Ron DeSantis: Be this year's comeback kid

DeSantis and Haley are vying to be the main alternative to Trump, but it's quite possible that DeSantis won't last much longer unless he puts in a solid Iowa showing. After running in second place in Iowa throughout the campaign season, DeSantis fell to third place in our polling averages for the first time on Thursday, and is now at 16 percent, just behind Haley's 19 percent. And with Haley surging in New Hampshire, there's little doubt that DeSantis must claim second in Iowa to remain viable — finishing third behind Haley could break the back of his campaign.

Such expectations rest in part on the moves of DeSantis's campaign and allies, who've gone all-in on Iowa since DeSantis's grip on second place loosened late last summer. In October, DeSantis moved a large part of his mostly Florida-based campaign operation to Iowa. In November, he earned the much-coveted endorsement of Iowa Gov. Kim Reynolds and support from noted evangelical leader Bob Vander Plaats. And in early December, DeSantis claimed to have visited his 99th of Iowa's 99 counties, completing "the full Grassley" — a reference to longtime Sen. Chuck Grassley. Meanwhile, Fight Right, now the principal super PAC backing DeSantis on the airwaves, has focused its spending on Iowa, as has DeSantis's campaign, which in November entirely cut its ad buys in New Hampshire.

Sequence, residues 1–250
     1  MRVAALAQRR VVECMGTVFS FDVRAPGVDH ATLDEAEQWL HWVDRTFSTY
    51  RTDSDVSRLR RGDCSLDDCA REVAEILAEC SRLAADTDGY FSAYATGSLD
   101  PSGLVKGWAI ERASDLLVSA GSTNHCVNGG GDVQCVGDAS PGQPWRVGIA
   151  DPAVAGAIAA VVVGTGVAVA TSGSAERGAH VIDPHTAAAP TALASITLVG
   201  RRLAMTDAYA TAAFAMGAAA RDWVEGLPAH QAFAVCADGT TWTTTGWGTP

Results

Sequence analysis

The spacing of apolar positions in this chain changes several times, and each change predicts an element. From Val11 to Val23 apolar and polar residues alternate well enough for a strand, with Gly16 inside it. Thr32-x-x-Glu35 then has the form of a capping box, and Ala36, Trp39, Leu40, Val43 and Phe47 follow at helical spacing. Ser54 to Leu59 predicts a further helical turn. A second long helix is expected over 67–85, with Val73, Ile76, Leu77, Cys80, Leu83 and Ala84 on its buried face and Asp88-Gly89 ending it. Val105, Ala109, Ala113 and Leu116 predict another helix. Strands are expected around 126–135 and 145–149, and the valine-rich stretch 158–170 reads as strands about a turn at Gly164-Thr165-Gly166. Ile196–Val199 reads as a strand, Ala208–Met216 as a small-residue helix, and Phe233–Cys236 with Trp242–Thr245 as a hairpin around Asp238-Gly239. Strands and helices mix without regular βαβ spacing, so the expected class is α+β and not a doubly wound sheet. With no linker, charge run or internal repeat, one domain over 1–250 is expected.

As recently as early December, DeSantis said "we're going to win Iowa." Yet as his campaign has faltered, he has tried to recalibrate expectations. This month, DeSantis has deflected questions about his Iowa standing by emphasizing the primary is a "long process" and that he needs to win a majority of delegates to become the GOP nominee. Perhaps cagily, he also said that he "kind of likes being underestimated." Tamping down expectations is a time-honored political tactic, whether talking about caucus votes or an upcoming debate performance.

For DeSantis, one hope is that his field operation will provide him with a boost to outperform his poll numbers. Never Back Down, the main super PAC backing DeSantis this cycle, has carried out a promised $100 million ground game that included knocking on nearly 1 million doors in Iowa. This could be a key differentiator for DeSantis because Haley didn't have much of a field operation in Iowa until late in 2023. Haley also may have handed DeSantis a last-minute gift when she said earlier this month that New Hampshire voters will have a chance to "correct" Iowa's electorate. DeSantis and his surrogates have tried to use this to ding Haley, including an attack ad from Fight Right.